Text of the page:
Gattaca asks us to imagine the value of perfection to life satisfaction and the fulfillment of dreams. We are to imagine a narcissistic world of people so obsessed with their own greatness and superiority that they have engineered away imperfection. For the genetically engineered, extraordinary achievement and good fortune are givens.

The world of Gattaca is not such a far stretch for our minds to grasp. Perfection is already an ideal of many of today’s cultures. But, what if science perfected us to the point that we had little to overcome, to  strengthen and to get beyond in our lives? How does perfection take away from our lives rather than add to it?

The Journeyer Within Us

If we had nothing to move toward and to overcome, we’d lose touch with the journeyer in us; that most life-affirming aspect of our nature that motivates us to develop, build and unfold our lives. We are like  the mythical Odysseus using life’s twists and turns to find our true selves.

Disadvantage motivates us to journey, to open ourselves up to new experiences that reflect back to us who we are and what we need and want to keep growing. For our development, purpose must be discovered, rather than having it handed to us on a silver platter. Our losses and limitations push us to want more for ourselves that starts the discovery process.

Take for example, my journey from a singing career to a professional psychologist. Many of you know that I wasn’t always a psychologist. From early childhood, I dreamed of becoming a professional singer. When I was 21 years old, I was hired to sing in the chorus of the Chicago Lyric Opera. But, my health difficulties and need to work full time did not permit me to extend my singing career beyond this early experience. Although I was only 23 years old when I had to leave my singing career, I had to start my life again, as if by scratch. I cannot remember a time between the ages of 5 and 23 that I had not put my whole self into becoming a singer. For several years after, I tried my hand at this and then that, which revealed latent talents and desires in me that I would have never explored had I not been disadvantaged.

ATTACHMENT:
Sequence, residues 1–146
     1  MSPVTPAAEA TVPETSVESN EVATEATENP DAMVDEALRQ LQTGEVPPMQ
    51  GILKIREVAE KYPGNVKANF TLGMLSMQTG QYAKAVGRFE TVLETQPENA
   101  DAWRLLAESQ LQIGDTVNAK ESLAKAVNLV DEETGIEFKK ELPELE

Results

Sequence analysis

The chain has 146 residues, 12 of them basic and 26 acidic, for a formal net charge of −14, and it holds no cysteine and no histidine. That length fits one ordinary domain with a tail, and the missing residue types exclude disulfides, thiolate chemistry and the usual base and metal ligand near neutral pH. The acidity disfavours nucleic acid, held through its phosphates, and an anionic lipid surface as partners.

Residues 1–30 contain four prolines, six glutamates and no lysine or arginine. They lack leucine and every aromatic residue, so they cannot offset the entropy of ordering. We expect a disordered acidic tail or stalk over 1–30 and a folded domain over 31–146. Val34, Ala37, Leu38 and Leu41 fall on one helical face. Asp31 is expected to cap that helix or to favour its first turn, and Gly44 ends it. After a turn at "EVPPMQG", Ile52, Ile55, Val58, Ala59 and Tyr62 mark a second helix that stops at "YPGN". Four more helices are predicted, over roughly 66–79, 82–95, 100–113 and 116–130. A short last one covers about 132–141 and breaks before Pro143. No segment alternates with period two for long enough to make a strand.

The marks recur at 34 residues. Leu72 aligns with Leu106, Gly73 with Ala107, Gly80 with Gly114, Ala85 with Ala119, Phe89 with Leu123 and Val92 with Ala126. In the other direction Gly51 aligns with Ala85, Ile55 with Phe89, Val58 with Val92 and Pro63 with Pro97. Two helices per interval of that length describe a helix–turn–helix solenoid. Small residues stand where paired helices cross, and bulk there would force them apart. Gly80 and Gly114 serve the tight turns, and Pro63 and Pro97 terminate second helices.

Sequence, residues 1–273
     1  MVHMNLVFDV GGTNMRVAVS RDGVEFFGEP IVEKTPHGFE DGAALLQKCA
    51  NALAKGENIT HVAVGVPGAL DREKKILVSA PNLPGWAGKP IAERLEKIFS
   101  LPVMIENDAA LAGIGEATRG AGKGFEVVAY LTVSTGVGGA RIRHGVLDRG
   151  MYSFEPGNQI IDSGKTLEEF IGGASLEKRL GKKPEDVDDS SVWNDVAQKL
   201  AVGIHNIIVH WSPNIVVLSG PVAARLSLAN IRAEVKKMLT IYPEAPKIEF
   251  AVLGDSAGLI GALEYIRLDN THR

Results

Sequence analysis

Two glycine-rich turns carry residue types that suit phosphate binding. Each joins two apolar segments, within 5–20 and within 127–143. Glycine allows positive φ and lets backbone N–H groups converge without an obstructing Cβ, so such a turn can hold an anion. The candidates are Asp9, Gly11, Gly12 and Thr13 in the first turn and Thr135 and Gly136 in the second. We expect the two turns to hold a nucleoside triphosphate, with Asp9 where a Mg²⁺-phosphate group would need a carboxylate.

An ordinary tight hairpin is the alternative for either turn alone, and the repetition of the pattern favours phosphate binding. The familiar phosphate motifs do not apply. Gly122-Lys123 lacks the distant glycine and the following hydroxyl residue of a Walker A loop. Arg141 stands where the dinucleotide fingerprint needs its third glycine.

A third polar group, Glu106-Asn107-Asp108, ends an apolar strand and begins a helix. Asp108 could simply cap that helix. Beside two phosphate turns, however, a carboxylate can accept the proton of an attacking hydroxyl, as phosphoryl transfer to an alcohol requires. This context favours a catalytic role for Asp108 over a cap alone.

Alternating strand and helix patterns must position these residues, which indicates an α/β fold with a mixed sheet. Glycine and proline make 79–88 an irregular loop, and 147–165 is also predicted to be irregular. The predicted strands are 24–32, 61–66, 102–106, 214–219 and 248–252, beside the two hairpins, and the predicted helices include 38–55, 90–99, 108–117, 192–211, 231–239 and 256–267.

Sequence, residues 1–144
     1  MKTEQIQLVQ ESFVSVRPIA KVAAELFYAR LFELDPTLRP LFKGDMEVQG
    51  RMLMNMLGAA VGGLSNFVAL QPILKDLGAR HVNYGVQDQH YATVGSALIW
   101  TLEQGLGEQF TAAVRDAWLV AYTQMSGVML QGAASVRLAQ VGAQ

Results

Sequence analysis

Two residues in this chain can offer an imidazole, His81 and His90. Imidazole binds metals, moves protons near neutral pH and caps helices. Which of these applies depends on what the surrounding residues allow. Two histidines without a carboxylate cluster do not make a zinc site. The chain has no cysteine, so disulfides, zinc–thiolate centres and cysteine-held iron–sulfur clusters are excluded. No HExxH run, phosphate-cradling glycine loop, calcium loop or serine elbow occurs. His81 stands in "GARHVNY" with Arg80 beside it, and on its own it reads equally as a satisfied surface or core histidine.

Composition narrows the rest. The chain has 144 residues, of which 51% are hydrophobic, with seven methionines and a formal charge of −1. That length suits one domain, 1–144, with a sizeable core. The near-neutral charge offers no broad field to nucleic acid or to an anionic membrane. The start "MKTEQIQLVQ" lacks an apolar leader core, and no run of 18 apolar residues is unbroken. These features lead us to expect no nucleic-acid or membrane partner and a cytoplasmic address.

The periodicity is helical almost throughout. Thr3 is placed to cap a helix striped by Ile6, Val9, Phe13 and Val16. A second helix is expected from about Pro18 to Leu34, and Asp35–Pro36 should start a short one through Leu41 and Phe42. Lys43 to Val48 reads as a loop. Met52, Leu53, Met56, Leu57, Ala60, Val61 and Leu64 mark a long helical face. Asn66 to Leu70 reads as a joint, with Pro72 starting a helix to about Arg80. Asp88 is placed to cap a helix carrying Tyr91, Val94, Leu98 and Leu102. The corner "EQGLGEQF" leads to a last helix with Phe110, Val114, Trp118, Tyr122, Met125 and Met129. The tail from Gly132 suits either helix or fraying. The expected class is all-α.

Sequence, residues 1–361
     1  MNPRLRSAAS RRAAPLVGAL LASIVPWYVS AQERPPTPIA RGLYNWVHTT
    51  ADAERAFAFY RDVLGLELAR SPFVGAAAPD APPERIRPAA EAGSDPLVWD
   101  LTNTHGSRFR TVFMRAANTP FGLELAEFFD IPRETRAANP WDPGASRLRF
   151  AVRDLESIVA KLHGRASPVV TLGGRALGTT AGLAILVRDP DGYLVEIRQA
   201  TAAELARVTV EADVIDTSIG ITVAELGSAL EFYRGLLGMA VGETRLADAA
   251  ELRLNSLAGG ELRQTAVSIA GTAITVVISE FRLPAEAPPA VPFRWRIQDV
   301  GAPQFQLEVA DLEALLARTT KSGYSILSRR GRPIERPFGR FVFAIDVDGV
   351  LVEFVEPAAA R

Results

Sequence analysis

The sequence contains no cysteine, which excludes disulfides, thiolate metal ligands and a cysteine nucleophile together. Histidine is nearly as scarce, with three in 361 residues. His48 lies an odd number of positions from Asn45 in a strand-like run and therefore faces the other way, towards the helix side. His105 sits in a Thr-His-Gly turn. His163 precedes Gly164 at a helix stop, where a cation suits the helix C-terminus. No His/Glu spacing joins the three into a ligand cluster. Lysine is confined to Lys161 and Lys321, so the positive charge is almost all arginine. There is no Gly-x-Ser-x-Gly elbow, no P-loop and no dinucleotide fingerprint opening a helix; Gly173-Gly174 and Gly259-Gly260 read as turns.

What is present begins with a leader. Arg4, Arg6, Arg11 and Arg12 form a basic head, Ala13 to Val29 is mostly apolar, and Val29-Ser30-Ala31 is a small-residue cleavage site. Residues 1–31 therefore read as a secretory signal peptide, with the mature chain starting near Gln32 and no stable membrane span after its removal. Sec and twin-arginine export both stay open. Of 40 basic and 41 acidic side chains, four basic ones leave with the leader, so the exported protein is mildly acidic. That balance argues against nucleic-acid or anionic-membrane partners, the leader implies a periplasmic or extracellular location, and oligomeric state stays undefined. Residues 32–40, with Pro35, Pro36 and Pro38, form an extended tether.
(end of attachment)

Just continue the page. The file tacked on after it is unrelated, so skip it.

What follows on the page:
I came to see that my greatest ally in life was more my disadvantages than my talents and abilities. It gave me the drive to overcome and to dream myself into being. The psychological and spiritual developments I acquired along the way have proven to be blessings that are greater than any of my achievements.

If everything in our lives was set up for us at the start, we’d lose the motivation to strive and to find our true selves in the process. We humans love nothing more than throwing our whole selves into the process of living, to see if, indeed, what we’ve imagined for ourselves is actually a possibility.

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This point is beautifully demonstrated in the film Gattaca. Naturally conceived, Vincent (Ethan Hawke) and his genetically-engineered brother, Anton set out to see who can swim farthest out into the ocean. Vincent not only beats out his biologically-superior brother Anton but also saves him from drowning.

When Anton asks him how he did it, Vincent replies; “I never saved anything for the swim back.”

Disadvantage can be a powerful source of inspiration and willpower, if we use it to our advantage. Against all odds, we may achieve beyond our wildest imaginations, because disadvantage puts us in the exquisite position of having less to lose that opens us to taking risks.

The next time you feel worried that a limitation or weakness may get in the way of your success and fulfillment, remember, “There is no gene for fate.” So, in the words of Vincent, don’t save anything, my friends. Fully explore your disadvantages,  to see where life takes you.

 

By: Dr. Deborah Khoshaba